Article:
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Students not sidelined by their developmental delays

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This morning’s Roundup assembly was pretty special at Edmond’s West Field Elementary School.

For the first time, the children from the developmentally delayed classes were the presenters.

Their teachers were nervous, the students were orderly on the risers, wearing Dr. Seuss hats made from red and white paper.

My son, Cade, was one of the younger students involved and was placed on the front row. 

When I came into the gym, he ran over to me to give me a hug — a couple of times. So, I had to leave and then sneak back in to sit in another location.

Friday morning “Roundup” is a gathering of all the teachers and students. They recite the Pledge of Allegiance and school creed, listen to announcements and sing songs. It’s a good way to end the week and recognize students and classes for their weekly accomplishments.

Each week, a different group of students helps to present the program.

As the students said their names and directed the gathering on what was coming next, it was moving to see their excitement, anticipation and delivery of their speaking parts.

When Cade said his name, his voice was loud and sweet. His language development is still “developing,” but you couldn’t mistake the way he proudly spoke into the microphone.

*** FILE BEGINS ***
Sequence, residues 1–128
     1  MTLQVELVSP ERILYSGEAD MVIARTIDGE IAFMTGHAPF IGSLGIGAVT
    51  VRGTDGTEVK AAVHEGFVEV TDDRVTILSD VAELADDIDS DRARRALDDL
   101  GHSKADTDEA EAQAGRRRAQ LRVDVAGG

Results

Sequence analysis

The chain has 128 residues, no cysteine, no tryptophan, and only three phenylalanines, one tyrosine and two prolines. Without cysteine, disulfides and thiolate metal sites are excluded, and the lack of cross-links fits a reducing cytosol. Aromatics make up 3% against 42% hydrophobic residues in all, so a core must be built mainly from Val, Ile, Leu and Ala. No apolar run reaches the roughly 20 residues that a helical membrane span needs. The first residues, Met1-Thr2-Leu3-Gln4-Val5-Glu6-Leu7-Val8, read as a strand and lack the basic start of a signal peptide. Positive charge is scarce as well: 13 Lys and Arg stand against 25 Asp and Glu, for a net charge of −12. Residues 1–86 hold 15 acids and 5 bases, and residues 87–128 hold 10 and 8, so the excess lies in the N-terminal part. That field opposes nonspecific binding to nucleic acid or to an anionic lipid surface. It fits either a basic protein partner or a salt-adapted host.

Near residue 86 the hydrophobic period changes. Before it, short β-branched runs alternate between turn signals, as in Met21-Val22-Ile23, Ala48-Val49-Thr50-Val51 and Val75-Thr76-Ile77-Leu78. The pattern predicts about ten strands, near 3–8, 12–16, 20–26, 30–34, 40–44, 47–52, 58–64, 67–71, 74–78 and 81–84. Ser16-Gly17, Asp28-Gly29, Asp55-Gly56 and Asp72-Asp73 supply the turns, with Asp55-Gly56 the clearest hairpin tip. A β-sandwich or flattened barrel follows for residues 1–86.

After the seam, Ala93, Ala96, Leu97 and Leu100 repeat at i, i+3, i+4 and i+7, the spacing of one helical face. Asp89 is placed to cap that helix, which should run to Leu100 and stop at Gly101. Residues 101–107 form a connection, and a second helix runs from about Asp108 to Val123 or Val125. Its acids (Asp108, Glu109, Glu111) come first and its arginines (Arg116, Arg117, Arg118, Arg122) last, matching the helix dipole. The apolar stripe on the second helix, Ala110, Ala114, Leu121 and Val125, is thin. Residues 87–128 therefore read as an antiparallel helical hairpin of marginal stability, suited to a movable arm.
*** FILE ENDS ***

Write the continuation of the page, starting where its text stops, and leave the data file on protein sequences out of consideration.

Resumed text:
I smiled and laughed a little, giddy with the excitement of seeing my baby perform in front of a group. Then, for a moment, tears came to my eyes, a flash flood of emotions coming over me.

But I recovered and was able to enjoy this simple — but very important — moment of the day.

Afterward, the teachers were asking questions, “How did they sound? Could you hear them?” and saying, “They did such a good job!”

It was a milestone for the school. It’s not only good for the students who presented, but also for the students in the audience. And good for the teachers. And good for the parents attending.

And good for the community.

These lovely children are a part of the community, and the public display of their talents and dedication is a lesson in how they, too, can contribute to the activities in everyday life.

It was a proud and moving moment for me.

Linda Lynn

llynn@opubco.com

West Field Elementary School Edmond, OK

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Linda Lynn

Linda Lynn was born and raised in rural Oklahoma. A graduate of Purcell High School, Lynn began working at The Oklahoman in 1987 as a reporter after earning a journalism degree from the University of Oklahoma. She has served as both a... Read more ›

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